Pratchett has stated on numerous occasions that the presence of the City Watch makes Ankh-Morpork stories 'problematic', as stories set in the city that don't directly involve Vimes and the Watch often require a Watch presence to maintain the story -- at which point, it becomes a Watch story by default.

The Wizards

The Wizards of the Unseen University (UU) have represented a strong thread through many of the Discworld novels, although the only books that they star in exclusively are the Science of the Discworld series and the novel Unseen Academicals. In the early books, the faculty of UU changed frequently, as rising to the top usually involved assassination. However, with the ascension of the bombastic Mustrum Ridcully to the position of Archchancellor, the hierarchy has settled and characters have been given the chance to develop. The earlier books featuring the wizards also frequently dealt with the possible invasion of the Discworld by the creatures from the Dungeon Dimensions, Lovecraftian monsters that hunger for the magic and potential of the Discworld.

The wizards of UU employ the traditional "whizz-bang" type of magic seen in Dungeons & Dragons games, but also investigate the rules and structure of magic in terms highly reminiscent of particle physics. Prominent members include Ponder Stibbons, a geeky young wizard; Hex, the Disc's first computer; the Librarian, who was turned into an orangutan by magical accident; the Dean; and the Bursar. In later novels, Rincewind also joins their group.

The Wizards have featured prominently in nine Discworld books and have also starred in the Science of Discworld series and the short story A Collegiate Casting-Out of Devilish Devices.

Tiffany Aching

Tiffany Aching is a young apprentice witch and star of a series of Discworld books aimed at young adults. Her stories often parallel mythic heroes' quests, but also deal with Tiffany's difficulties as a young girl maturing into a responsible woman. She is aided in her task by the Nac Mac Feegle, a gang of hard-drinking, loudmouthed pictsie creatures who serve as her guardians. Both Granny Weatherwax and Nanny Ogg have also appeared in her stories. She has, to date, appeared in three novels. Major characters in this series include Miss Tick who discovered Tiffany, Annagrama Hawkin, and Petulia Gristle.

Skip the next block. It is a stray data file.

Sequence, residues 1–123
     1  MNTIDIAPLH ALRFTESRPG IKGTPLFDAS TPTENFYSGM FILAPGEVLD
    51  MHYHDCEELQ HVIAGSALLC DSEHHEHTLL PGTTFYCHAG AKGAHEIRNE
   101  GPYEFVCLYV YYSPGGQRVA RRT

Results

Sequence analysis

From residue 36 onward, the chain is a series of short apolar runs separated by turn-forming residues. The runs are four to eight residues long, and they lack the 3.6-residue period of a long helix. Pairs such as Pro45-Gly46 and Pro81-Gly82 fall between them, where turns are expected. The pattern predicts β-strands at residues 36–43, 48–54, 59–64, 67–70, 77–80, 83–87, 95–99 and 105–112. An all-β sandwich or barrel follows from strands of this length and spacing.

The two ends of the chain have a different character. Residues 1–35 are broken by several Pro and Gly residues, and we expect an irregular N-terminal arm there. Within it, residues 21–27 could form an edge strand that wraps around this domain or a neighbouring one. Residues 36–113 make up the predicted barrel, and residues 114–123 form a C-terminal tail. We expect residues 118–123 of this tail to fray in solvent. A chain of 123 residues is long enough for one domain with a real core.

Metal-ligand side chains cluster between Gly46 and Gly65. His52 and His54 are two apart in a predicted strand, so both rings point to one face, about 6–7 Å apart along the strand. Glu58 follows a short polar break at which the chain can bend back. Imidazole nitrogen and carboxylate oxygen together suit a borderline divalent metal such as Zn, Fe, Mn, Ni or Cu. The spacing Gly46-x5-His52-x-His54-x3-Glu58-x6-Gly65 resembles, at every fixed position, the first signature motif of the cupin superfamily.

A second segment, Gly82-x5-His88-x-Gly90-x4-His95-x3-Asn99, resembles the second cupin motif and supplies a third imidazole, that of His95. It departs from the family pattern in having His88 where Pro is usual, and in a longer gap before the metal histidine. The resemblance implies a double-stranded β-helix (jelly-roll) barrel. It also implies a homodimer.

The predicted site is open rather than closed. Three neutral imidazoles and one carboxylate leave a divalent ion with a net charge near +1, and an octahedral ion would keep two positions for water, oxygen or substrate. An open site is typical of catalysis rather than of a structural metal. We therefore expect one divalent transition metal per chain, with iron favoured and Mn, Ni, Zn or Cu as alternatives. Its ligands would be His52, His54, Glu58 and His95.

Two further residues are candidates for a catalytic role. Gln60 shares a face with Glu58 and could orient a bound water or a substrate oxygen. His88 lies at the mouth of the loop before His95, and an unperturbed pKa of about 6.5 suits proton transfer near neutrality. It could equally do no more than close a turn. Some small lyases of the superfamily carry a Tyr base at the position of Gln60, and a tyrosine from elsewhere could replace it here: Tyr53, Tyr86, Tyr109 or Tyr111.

Moist von Lipwig

Moist von Lipwig is a professional criminal and con man to whom Havelock Vetinari gives a "second chance" after staging his execution, recognising the advantages his jack-of-all-trades abilities would have to the development of the city. After setting him in charge of the Ankh-Morpork Post Office in Going Postal, to good result, Vetinari ordered him to clear up the city's corrupt financial sector in Making Money. A third book, in which Lipwig is ordered to organise the city's taxation system, is planned. Other characters in this series include Adora Belle Dearheart, Lipwig's acerbic, chain-smoking lover, Gladys, a golem who develops a strange crush on Lipwig, and Stanley Howler, a mildly autistic young man who was raised by peas, and becomes the Disc's first stamp collector.

The History Monks

The History Monks are a group of vaguely Taoist-like monks who have taken on the job of ensuring that history passes smoothly. They perform their task in two ways: first, their monastery is home to the History Books; 20,000 ten-foot long, lead-bound volumes that record every event of historical relevance as it occurs. Second, they manage and control the flow of time, pumping it from the places where it's wasted (the sea or the desert) to places like cities where there's never enough time. The principal History Monk in the novels is Lu-Tze, nominally the monastery's sweeper but in fact one of the highest ranking monks in the establishment. The History Monks have appeared in three Discworld novels to date.



Name Published Groups Notes

1 The Colour of Magic 1983 Rincewind Came 93rd in the Big Read.
2 The Light Fantastic 1986 Rincewind
3 Equal Rites 1987 The Witches, The Wizards
4 Mort 1987 Death Came 65th in the Big Read
5 Sourcery 1988 Rincewind, The Wizards
6 Wyrd Sisters 1988 The Witches Came 135th in the Big Read
7 Pyramids 1989 Miscellaneous (Djelibeybi) British Science Fiction Award winner, 1989
8 Guards! Guards! 1989 The City Watch Came 69th in the Big Read
9 Faust Eric 1990 Rincewind
10 Moving Pictures 1990 Miscellaneous (Holy Wood), The Wizards
11 Reaper Man 1991 Death, The Wizards Came 126th in the Big Read
12 Witches Abroad 1991 The Witches Came 197th in the Big Read
13 Small Gods 1992 Miscellaneous (Omnia), Omnian Religion, The History Monks Came 102nd in the Big Read
14 Lords and Ladies 1992 The Witches, The Wizards